Former IBF world junior middleweight champion Paul Vaden, 29-3-(16), knows what it takes to be a successful fighter. To perform well you have to be physically and mentally sound; with strengthening the body, mind and spirit you build confidence, mix skill into this equation and you have success. These attributes bring success in the ring as well as everyday life, and that is what Paul Vaden is spreading these days, good cheer by promoting a healthy lifestyle through ‘The Ultimate Workout’.
After pounding out a successful amateur career with 327 wins and 10 losses the Olympian made his pro debut in 1991, and from there his journey began. Paul went 24-0 before dropping his first bout and in that time frame won the IBF Intercontinental title as well as the IBF world title and had wins over John Montes and Vincent Pettway. After slugging out a handful of more victories Vaden found himself in a life-ending bout. Vaden faced Stephen Johnson in ’99 for the vacant USBA light-middleweight title and after gaining the W with a ten round knock out over Johnson the thirty-one year old pugilist passed away fifteen days later from injuries sustained from that bout. Vaden was never same. One bout later in 2000 and Vaden called a halt to his career, but his calling had just begun.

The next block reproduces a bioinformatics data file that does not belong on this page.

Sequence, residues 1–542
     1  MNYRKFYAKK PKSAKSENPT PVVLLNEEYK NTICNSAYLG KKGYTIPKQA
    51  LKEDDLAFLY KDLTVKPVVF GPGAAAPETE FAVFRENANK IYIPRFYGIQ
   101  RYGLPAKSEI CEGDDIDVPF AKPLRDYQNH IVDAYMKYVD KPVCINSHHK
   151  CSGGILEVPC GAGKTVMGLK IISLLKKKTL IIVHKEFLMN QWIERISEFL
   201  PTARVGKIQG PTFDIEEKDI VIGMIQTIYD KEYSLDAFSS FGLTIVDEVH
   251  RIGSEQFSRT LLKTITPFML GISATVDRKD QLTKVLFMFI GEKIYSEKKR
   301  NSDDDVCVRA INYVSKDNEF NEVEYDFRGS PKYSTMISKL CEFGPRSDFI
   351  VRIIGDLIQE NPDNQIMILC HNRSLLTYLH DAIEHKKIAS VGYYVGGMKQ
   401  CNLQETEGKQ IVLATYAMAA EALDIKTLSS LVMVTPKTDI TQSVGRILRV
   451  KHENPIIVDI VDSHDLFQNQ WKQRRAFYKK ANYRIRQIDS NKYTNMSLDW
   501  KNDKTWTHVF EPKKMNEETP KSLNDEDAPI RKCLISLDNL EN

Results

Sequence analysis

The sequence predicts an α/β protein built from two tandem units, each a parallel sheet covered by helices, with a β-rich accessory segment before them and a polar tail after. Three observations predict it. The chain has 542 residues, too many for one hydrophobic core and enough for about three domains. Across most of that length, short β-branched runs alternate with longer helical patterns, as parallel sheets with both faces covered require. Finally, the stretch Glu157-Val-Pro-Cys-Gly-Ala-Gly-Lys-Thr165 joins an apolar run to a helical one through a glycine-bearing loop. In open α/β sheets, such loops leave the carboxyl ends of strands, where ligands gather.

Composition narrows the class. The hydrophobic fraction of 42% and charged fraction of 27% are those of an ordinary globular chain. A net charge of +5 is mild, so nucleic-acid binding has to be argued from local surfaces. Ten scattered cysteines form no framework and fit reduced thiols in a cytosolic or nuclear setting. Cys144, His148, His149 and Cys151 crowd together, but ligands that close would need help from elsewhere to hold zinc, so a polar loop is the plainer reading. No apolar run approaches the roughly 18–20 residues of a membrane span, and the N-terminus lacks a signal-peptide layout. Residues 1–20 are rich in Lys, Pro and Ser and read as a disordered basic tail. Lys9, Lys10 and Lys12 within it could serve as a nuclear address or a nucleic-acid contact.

Now taking his experiences from the ring Vaden has developed an all out work out called the ‘The Ultimate Workout’. It elevates your inner strength and inspires you to achieve your fitness goals and achieve a healthy lifestyle. Vaden helps his clients by strengthening their body and mind by motivating them with his fitness workout, and he comes to you. The former champ/motivational speaker stopped by the Doghouse to give his thoughts on his career as well as his workout, enjoy.
Benny Henderson Jr.: First off I just want to say thanks for taking the time out for the Doghouse it is greatly appreciated. What have you been up to lately?